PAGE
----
No Google employee has fallen prey to phishing attacks since early 2017, which is when the company started requiring all its workers to use physical security keys.
Physical security keys, which are sold for as low as $20, are inexpensive USB-based devices that may be used to shore up user security. In the case of Google, it appears that investing in these devices is paying off.
Google Physical Security Key Protects Employees Against Phishing
Google told KrebsOnSecurity that none of its over 85,000 employees have been victimized by a phishing attack on their work-related accounts ever since the company started requiring them to use physical security keys in place of the traditional passwords and one-time codes.
“We have had no reported or confirmed account takeovers since implementing security keys at Google,” confirmed a spokesperson for Google.
What are security keys? They are inexpensive devices that provide an alternative approach to two-factor authentication, a security model that requires users to input their password and sends another code to their mobile device when logging in to an account.
Phishing attacks come in various forms, but their end goal is to trick users into giving up sensitive information such as log-in details. Two-factor authentication seeks to prevent this, because even if hackers acquire an account’s password, they will also need to acquire the second code. Unfortunately, there are already some hacks that are capable of intercepting the codes, which are usually sent through SMS.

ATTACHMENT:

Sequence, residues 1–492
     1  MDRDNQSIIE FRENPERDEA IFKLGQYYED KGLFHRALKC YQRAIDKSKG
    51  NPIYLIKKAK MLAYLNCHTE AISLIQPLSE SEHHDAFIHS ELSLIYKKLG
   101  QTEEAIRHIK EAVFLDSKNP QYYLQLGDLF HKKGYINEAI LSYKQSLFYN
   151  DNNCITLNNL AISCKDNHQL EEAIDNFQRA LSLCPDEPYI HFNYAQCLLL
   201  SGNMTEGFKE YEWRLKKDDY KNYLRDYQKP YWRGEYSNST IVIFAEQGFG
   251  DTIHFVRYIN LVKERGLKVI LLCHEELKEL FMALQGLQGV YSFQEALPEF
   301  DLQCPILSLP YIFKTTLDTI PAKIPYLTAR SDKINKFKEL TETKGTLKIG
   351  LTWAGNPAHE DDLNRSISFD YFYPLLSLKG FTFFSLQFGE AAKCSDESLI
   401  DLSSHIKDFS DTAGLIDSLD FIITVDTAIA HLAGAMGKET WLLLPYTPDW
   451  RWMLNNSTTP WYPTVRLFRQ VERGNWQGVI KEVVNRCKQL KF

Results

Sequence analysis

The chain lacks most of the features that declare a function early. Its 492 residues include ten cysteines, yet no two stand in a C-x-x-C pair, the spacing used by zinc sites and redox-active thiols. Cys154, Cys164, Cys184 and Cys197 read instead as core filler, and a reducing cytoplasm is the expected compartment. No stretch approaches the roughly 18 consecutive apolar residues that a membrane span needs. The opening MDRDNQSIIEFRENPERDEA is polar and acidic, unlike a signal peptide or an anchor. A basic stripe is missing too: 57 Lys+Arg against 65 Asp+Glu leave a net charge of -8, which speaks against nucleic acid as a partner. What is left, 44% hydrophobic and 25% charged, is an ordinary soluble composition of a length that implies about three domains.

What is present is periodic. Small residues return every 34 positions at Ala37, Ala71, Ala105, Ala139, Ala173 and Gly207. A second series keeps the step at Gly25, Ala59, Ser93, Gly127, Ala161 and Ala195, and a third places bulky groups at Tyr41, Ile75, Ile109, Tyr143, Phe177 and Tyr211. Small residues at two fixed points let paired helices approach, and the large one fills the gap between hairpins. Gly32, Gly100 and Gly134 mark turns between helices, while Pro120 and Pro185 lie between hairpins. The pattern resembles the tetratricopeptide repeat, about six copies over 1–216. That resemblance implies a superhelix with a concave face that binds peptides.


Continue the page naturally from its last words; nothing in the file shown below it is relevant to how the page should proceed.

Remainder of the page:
The physical security key, however, makes it harder for hackers to acquire that second factor. It authenticates log-ins by being inserted into the computer’s USB port, with the user then pressing a button on it. This means that hackers will need to have the security key in their actual possession.
Protection Against Phishing
A study conducted by Google late last year revealed that phishing is the biggest online threat for Google accounts followed by keyloggers and third-party breaches.
There are various ways to protect against phishing, including the simple way of not responding to suspicious emails and signing up for Google’s own Advanced Protection program. However, companies may want to think about not only introducing two-factor authentication to their systems but also going the route of physical security keys instead of SMS-based codes.
Yubico’s YubiKey Security Key, which is sold for $20, is an example of a device that will provide the necessary additional protection for employees. The initial cost might be a bit steep for companies with a significant number of employees, but there is no price for an impenetrable wall of cybersecurity in this day and age.